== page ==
The Curmudgeon


Monday, April 11, 2005

A Highly Imaginative Eccentric

At times, in the interests of accuracy, it may be preferable to talk about a feral bushy-tailed canine whose reputation typically involves craft and cunning; but most of us prefer to stick to fox, nonetheless. "Charles Albert Browning," says Geoff Andrew in The Film Handbook, "is often viewed primarily as a horror director, but he is more accurately seen as a highly imaginative eccentric whose best work is typified by his continuing fascination with the grotesque and macabre."

Charles Albert Browning was born in 1880 and spent his early years working in the circus. One of his jobs during his youth was burial alive as the Hypnotic Living Corpse: placed in a "trance" by an Actual Genuine Mesmerist, Browning would be put in a coffin, lowered into a hole in the ground, and the coffin covered up. The Hypnotic Living Corpse might have to stay buried for up to two days (often Friday to Sunday, in memory of a more famous conjuring trick), breathing through an extensible tube built into one of the coffin's walls. Later his publicity would claim that he had also served a turn as Bosco the Snake Eater.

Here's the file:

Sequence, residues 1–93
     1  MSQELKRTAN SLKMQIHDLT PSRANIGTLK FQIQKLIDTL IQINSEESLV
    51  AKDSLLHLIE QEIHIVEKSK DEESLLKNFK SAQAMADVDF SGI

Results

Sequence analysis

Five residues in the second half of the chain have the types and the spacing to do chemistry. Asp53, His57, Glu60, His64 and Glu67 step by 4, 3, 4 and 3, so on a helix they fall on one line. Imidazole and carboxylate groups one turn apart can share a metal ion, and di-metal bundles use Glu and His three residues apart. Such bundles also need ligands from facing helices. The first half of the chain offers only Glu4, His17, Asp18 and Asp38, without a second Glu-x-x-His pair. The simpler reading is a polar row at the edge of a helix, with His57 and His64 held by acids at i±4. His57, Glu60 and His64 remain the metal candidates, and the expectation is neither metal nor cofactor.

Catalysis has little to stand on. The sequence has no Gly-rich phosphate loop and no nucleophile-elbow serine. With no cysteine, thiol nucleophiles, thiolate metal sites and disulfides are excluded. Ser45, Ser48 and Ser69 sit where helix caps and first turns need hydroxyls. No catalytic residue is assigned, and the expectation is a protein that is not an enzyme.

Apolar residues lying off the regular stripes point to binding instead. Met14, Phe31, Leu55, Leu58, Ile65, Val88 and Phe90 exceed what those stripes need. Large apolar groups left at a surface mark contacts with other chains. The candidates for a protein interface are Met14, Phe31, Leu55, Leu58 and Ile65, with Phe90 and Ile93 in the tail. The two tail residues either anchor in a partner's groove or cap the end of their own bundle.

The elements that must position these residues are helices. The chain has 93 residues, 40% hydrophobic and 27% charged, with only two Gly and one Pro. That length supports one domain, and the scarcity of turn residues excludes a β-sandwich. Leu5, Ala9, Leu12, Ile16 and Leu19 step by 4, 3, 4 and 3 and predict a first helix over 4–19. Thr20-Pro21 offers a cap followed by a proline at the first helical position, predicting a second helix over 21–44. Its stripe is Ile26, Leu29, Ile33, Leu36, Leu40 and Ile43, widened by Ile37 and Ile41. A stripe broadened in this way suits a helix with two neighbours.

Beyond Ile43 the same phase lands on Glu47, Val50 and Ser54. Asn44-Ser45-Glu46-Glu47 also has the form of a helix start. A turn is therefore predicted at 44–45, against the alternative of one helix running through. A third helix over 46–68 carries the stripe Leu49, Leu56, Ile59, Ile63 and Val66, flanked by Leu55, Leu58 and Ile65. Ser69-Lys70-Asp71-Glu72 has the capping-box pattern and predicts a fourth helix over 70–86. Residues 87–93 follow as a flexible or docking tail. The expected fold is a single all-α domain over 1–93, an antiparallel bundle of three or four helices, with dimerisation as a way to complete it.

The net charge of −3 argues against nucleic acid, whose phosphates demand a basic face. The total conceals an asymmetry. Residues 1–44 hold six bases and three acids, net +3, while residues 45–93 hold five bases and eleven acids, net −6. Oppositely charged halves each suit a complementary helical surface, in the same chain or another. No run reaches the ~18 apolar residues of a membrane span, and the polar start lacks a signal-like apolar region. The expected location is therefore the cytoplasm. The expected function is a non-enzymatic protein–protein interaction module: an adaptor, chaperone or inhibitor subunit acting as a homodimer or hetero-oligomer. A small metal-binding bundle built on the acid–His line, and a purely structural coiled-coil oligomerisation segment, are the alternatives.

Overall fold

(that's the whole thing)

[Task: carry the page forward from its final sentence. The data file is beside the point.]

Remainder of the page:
Browning was involved, as director, writer or producer, in many silent films between 1915 and 1925, including such titles as The Slave Girl, The Living Death, The Burned Hand, The Deadly Glass of Beer, A Love Sublime, White Tiger and The Dangerous Flirt. He was also an assistant director on the "Modern Story" sequence of D W Griffith's Intolerance.

On the night of 16 July 1915, during his off hours from working for Griffith, Browning was driving a car at high speed and suffered a collision in which he lost his teeth. The actor seated next to him was killed. Browning had to wear full dentures for the rest of his life, and he complained about the discomfort they caused him.

Browning's first notable film as director was The Unholy Three (1925), a rather unorthodox crime story about three erstwhile circus personnel - a midget, a strongman and a ventriloquist - who run a pet shop as a front to rob their wealthy customers. The ventriloquist is able to fake the voices of the parrots sold in the shop (as the film was silent, comic-strip balloons were used to indicate the birds' dialogue); the parrots' abrupt loss of voice when removed from the shop provides a handy pretext for the fiendish criminals (ventriloquist and midget disguised as a harmless old lady and child) to visit the owners and case their houses.

The Unholy Three was a major box-office success and made enough of a name for itself to merit a talkie remake some years later. Equally significantly in terms of Browning's career, it starred Lon Chaney, who had just made The Phantom of the Opera. Browning and Chaney made seven more films together, with Chaney usually playing doubled, disguised or physically deformed characters. The best remembered of these films is The Unknown (1927).